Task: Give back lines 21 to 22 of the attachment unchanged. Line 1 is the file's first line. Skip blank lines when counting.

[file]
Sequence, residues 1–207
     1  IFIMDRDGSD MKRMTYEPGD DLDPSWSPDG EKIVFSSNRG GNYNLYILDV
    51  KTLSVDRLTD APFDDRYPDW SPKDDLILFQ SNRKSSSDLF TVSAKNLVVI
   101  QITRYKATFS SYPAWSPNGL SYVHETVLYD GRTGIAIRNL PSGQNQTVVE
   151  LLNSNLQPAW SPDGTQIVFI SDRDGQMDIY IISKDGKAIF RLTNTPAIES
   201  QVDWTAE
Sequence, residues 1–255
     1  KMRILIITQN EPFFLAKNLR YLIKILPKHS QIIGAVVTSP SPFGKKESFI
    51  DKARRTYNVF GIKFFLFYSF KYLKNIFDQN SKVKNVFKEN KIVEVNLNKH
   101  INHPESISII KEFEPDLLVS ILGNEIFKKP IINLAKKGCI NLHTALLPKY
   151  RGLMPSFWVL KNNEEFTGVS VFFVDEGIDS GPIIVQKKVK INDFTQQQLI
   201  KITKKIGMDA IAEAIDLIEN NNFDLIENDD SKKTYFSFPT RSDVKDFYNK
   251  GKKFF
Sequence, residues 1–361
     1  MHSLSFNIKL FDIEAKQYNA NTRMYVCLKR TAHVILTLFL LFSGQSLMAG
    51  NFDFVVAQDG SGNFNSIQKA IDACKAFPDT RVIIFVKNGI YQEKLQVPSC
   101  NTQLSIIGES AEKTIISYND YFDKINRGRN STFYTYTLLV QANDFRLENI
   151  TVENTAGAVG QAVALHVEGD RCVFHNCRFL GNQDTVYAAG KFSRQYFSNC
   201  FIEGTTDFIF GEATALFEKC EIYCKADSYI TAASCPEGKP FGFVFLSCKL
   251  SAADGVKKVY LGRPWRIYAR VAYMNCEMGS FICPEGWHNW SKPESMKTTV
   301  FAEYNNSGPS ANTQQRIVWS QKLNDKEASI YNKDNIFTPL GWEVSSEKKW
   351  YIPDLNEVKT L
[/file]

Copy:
   301  FAEYNNSGPS ANTQQRIVWS QKLNDKEASI YNKDNIFTPL GWEVSSEKKW
   351  YIPDLNEVKT L